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TPP and electronic commerce Blair Stewart
6 October 2015


After five years of negotiations, government ministers from the 12 Trans-Pacific Partnership (TPP) countries - New Zealand and  Australia, Brunei Darussalam, Canada, Chile, Japan, Malaysia, Mexico, Peru, Singapore, United States, and Vietnam - announced their conclusions this week.

The full details of the agreement are not yet available but some details have been drawn from statements released by the negotiating trade ministers.

Trade ministers have suggested that several features make the Trans-Pacific Partnership a landmark 21st-century agreement, setting a new standard for global trade while taking up next-generation issues.

One feature of particular relevance to the trans-border flows of personal information is described as: 

“Addressing new trade challenges. The TPP promotes innovation, productivity, and competitiveness by addressing new issues, including the development of the digital economy …”.

The ministerial summary adds in relation to electronic commerce:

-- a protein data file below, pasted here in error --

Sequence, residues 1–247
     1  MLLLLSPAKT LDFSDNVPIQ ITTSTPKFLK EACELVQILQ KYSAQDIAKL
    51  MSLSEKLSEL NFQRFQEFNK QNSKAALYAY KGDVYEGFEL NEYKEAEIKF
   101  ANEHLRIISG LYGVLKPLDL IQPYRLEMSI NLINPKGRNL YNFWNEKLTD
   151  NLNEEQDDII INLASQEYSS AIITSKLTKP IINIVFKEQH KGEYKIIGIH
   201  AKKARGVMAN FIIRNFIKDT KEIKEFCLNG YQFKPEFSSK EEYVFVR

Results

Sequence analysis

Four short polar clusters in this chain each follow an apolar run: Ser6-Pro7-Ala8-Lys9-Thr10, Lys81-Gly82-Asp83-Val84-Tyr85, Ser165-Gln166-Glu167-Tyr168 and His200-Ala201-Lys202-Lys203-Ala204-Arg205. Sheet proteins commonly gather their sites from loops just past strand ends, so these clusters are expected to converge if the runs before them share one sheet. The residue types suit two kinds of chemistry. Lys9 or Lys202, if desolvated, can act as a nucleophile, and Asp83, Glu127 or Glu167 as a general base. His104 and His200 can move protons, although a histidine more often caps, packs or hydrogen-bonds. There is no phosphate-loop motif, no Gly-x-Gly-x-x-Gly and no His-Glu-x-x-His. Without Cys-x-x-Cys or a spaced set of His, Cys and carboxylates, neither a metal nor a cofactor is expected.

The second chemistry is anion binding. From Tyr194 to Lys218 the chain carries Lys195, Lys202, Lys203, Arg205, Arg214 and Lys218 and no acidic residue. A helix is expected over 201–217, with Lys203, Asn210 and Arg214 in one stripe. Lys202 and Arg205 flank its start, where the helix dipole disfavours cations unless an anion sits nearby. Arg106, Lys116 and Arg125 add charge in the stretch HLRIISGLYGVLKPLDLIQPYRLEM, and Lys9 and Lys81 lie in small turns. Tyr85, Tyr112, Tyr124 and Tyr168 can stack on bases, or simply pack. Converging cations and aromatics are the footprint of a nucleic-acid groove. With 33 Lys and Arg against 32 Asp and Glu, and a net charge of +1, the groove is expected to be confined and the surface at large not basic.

“In the Electronic Commerce chapter, TPP Parties commit to ensuring free flow of the global information and data that drive the Internet and the digital economy, subject to legitimate public policy objectives such as personal information protection. The 12 Parties also agree not to require that TPP companies build data centres to store data as a condition for operating in a TPP market, and, in addition, that source code of software is not required to be transferred or accessed. The chapter prohibits the imposition of customs duties on electronic transmissions, and prevents TPP Parties from favouring national producers or suppliers of such products through discriminatory measures or outright blocking. To protect consumers, TPP Parties agree to adopt and maintain consumer protection laws related to fraudulent and deceptive commercial activities online and to ensure that privacy and other consumer protections can be enforced in TPP markets. Parties also are required to have measures to stop unsolicited commercial electronic messages. …. The 12 Parties agree to cooperate to help small- and medium-sized business take advantage of electronic commerce, and the chapter encourages cooperation on policies regarding personal information protection, online consumer protection, cybersecurity threats and cybersecurity capacity.”

New Zealand’s Ministry of Foreign Affairs and Trade has established a new TPP website and plans to publish a series of fact sheets on the arrangement.





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